Blocks and Scopes


A block in Rust contains a sequence of expressions, enclosed by braces {}. Each block has a value and a type, which are those of the last expression of the block:

fn main() {
    let z = 13;
    let x = {
        let y = 10;
        println!("y: {y}");
        z - y
    println!("x: {x}");

If the last expression ends with ;, then the resulting value and type is ().

GĂŒltigkeitsbereiche und Verschattungen

A variable’s scope is limited to the enclosing block.

Sie können Variablen verschatten (shadow), sowohl solche aus Ă€ußeren GĂŒltigkeitsbereichen (outer scopes) als auch Variablen aus dem gleichen GĂŒltigkeitsbereich:

fn main() {
    let a = 10;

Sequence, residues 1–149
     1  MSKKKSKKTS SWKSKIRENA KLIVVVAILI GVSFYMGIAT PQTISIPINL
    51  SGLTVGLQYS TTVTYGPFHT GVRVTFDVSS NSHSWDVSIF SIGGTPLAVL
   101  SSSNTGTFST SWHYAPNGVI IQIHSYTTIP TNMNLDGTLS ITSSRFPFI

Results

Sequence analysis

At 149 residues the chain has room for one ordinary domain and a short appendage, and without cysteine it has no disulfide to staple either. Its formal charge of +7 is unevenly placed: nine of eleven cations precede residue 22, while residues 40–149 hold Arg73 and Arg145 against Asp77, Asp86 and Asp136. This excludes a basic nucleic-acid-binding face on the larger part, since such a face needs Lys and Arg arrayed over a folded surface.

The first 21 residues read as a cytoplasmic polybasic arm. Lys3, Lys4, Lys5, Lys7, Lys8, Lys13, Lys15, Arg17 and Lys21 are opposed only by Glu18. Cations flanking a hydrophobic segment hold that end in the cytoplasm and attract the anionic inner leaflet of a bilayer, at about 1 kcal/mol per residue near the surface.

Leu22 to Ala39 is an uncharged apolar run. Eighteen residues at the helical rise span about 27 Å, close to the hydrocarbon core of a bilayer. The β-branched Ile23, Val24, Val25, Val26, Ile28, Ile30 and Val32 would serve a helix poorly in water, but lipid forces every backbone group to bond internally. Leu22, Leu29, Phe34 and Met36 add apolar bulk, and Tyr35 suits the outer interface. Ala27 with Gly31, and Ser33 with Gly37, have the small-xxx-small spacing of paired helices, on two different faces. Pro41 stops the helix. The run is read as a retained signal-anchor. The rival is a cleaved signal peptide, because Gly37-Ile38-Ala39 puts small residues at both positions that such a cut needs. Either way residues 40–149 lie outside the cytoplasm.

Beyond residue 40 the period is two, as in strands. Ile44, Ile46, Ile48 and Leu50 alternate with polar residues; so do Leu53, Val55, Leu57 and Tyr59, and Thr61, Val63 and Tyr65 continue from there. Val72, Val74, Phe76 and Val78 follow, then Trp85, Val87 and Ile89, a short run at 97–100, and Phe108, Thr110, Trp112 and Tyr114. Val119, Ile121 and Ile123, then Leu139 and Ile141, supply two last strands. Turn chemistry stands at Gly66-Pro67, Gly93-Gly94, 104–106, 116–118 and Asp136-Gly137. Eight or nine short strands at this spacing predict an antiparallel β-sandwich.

println!("before: {a}");
        let a = "hello";
        println!("inner scope: {a}");

        let a = true;
        println!("shadowed in inner scope: {a}");

    println!("after: {a}");
This slide should take about 10 minutes.
  • You can show how the value of the block changes by changing the last line in the block. For instance, adding/removing a semicolon or using a return.
  • Show that a variable’s scope is limited by adding a b in the inner block in the last example, and then trying to access it outside that block.
  • Shadowing is different from mutation, because after shadowing both variable’s memory locations exist at the same time. Both are available under the same name, depending where you use it in the code.
  • A shadowing variable can have a different type.
  • Shadowing sieht zunĂ€chst obskur aus, ist aber praktisch, um Werte nach .unwrap() festzuhalten.